Next, we have to accept our responsibility for the fair trading chain. If we are striving for sustainable, fair trading enterprises and responsible consumers in resilient, humane industries, we will have to build it like that. As a producer I have to look out for the well being of my buyer and their customers and my suppliers. I have to extend my Fair Trade principles in all directions – and if everyone in the chain does this, it will be near invincible. This is not going to be easy because we’re going to have to do this in spite of the commercial machine racing towards the 4th Industrial Revolution. If even half the predictions for the near future come true, we will need a compassionate and conscience economy for everyone.
And then we have our roles as consumers. Whether they are fashion labels or Fair Trade labels, cosmetic labels, toys or financial services, as overwhelmed consumers, we have abdicated much of our responsibility to the labels. We trust they are doing the right thing because it sounds like they might be doing things right.
It is time we all reclaimed our voices. When we ask the price, we should also ask about the cost. The cost to people and planet, and if we don’t get the answers we like, we’ll need courage to turn away and not buy that item or that service. Getting the cheapest price may be too expensive after all.
WFTO has an incredibly powerful core value, which is the commitment to continuous improvement that stands on the pillars of compassion and integrity of purpose. This is our ‘precious heritage’ – we have to guard it. And in years to come, it is going to take mega-watts of women’s courage and energy to make sure no one erodes it (or worse, that we forget to take care of it!).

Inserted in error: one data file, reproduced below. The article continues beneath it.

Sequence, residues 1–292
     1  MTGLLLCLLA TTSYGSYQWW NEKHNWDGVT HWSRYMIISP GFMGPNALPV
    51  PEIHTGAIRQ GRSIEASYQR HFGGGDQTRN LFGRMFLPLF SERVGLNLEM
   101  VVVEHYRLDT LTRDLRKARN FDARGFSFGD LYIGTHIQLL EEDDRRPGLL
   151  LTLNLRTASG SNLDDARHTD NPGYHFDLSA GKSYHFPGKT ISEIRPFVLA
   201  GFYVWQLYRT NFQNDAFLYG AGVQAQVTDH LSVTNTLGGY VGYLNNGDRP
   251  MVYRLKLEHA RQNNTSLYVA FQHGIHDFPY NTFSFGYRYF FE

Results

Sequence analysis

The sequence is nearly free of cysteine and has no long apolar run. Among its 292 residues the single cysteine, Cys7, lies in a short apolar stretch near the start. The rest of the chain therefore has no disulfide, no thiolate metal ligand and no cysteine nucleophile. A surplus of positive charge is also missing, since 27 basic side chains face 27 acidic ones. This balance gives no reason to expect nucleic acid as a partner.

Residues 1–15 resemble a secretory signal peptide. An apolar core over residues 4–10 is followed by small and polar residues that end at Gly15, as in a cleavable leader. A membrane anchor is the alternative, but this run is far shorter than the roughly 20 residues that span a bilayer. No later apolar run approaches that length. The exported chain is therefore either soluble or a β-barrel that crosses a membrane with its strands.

In the broader world beyond WFTO and the Fair Trade community, we have to make ourselves heard in conversations about sustainability, organizational resilience and fair profits. The old aphorism that all it takes for evil to prevail is for good people to do nothing, is more valid than ever. On the up-side, we’ve also never before, in the entire history of the world, had more communication power in our hands – we just have to choose to use it wisely.
Lately, our CE Erinch has asked several questions of us and the community of alternative economic thinkers:
Conventional business is broken – How does Fair Trade engage formal business to help fix it?
Do we have the right DNA for the things we desire to achieve?
How does Fair Trade go from inspiring examples to transforming capitalism?
If we accept, to quote Einstein, that “We cannot solve problems with the same mindset we used when we created them”, it is going to take women’s courage to reassess and start out on a new road – even if it means we have to build the road as we go along (and have the courage to ditch some of the papers). If Fair Trade (and not only WFTO Fair Trade) is to be a significant part of the ‘conscience economy’ in the future, we need to start growing the garden of our alternative world economy now!
And talking of gardens, we have to build our model on the reality that everything will not always grow at the same pace. Some things will thrive, and other things will die – and we will not always know why. It takes sunlight, water and a little manure to make things grow, and a lot of mindful attention to prune, weed and cultivate. Even then, the vegetables almost never look like the picture on the seed packet, and that is ok too.’
‘Someone’ is not going to do it. WE have to do it! It is the courage of women in WFTO that will drive the changes to future-fit Fair Trade for 2022 and beyond. And you know what? As long as we offer dignity to others, guard their privilege to be seen and heard and to make a contribution, I do believe we can do it.